Czechia to employ thousands of Ukrainian arms industry experts to step up weapons production

Prime Minister Fiala's meeting with President Zelensky

In the coming months, Czechia will employ thousands of experts from Ukraine in its arms manufacturing industry, thanks to a deal struck between Czech Prime Minister Petr Fiala and Ukrainian President Volodymyr Zelensky during a meeting the pair had in October.

Tomáš Kopečný | Photo: René Volfík,

Deputy Defence Minister Tomáš Kopečný, who has been coordinating the supply of weapons to Ukraine since the beginning of the Russian invasion, told Czech Radio that Czechia simply does not have enough workers with experience in the arms industry, so skilled Ukrainian workers and engineers will be a huge boon to the country.

"Apart from purely ideological objections, I can't see a single argument against this move – it doesn’t take jobs away from Czech people because the people who can do these jobs simply are not here. These are highly specialised fields in which the Ukrainian defence industry has ten years of experience and in which it excels.”

The arrival of the Ukrainian experts should significantly increase Czech production of weapons for Ukraine, and Czechia intends to start mass-producing them next year. The initiative will be financed by Czechia’s NATO partners. Therefore, Tomáš Kopečný says, it won’t cost the state anything.

“On the contrary, it will significantly increase revenues to the state budget. The beauty is that it will not be funded by the Czech crown, it will be backed by foreign investors and the Czech economy and Czech people will be richer from it. And the fact that our allies will be footing the bill is an absolutely incredible, indeed a truly historic opportunity.”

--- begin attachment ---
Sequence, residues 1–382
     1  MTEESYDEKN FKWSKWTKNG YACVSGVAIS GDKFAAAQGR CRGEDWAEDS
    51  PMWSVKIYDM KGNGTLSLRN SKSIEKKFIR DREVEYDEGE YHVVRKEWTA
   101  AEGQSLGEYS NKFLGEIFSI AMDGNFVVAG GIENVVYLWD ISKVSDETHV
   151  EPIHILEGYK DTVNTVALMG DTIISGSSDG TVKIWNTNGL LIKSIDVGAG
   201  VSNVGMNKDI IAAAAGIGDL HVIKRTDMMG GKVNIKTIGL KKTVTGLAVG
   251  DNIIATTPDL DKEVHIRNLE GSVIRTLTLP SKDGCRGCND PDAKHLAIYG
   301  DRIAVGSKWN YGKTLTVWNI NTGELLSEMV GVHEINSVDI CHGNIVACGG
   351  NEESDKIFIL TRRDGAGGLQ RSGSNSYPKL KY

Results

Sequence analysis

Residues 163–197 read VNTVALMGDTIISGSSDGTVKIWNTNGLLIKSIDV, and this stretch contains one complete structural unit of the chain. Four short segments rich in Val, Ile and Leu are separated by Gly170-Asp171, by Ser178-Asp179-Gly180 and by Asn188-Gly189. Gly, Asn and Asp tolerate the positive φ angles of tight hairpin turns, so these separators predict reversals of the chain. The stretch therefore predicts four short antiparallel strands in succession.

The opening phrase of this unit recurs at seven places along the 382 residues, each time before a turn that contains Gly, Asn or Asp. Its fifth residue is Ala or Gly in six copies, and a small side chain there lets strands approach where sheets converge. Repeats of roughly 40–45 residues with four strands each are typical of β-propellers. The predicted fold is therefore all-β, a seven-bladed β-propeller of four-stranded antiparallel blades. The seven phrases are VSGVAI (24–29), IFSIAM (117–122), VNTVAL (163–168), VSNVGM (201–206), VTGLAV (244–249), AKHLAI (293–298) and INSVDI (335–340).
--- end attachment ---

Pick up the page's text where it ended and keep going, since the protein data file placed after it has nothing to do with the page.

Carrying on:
Photo: Flickr,  CC BY-NC 2.0

Compared to the large NATO states, Czech aid to Ukraine is smaller, but according to Tomáš Kopečný, as the first country to start supplying weapons to Ukraine, Czechia inspired big players such as the USA and UK to step up their support and thus fundamentally improved its international standing.

The increased production should also be beneficial to Czechia from a security standpoint, the deputy defence minister argues.

“Strengthening the production capacities of our domestic defence industry means strengthening the security of the Czech Republic. Anyone can become the target of a Russian terrorist attack – that is the strategy that the Russian Federation has been using in Europe for some time. At the time when Russia attacked the munitions factory in Vrbětice, Czechia wasn’t producing anything for Ukraine, so in the end it doesn't really matter whether we are doing anything directly for Ukraine or not.”

Source: Jernej Furman,  Flickr,  CC BY 2.0

However, the move may not necessarily have public support, according to a new survey by the Centre for Public Opinion Research. Only slightly more than two fifths of respondents approve of providing Ukraine with military equipment and less than half agree with efforts to isolate Russia politically and economically. Only 42 percent of the population approve of the government's actions to support Ukraine, which is 16 percentage points down from in the spring, while the number of people disagreeing with the government’s actions has increased by 17 percentage points to 52 percent.

To date, Czech arms exports to Ukraine have amounted to around CZK 40 billion.

Author: Anna Fodor
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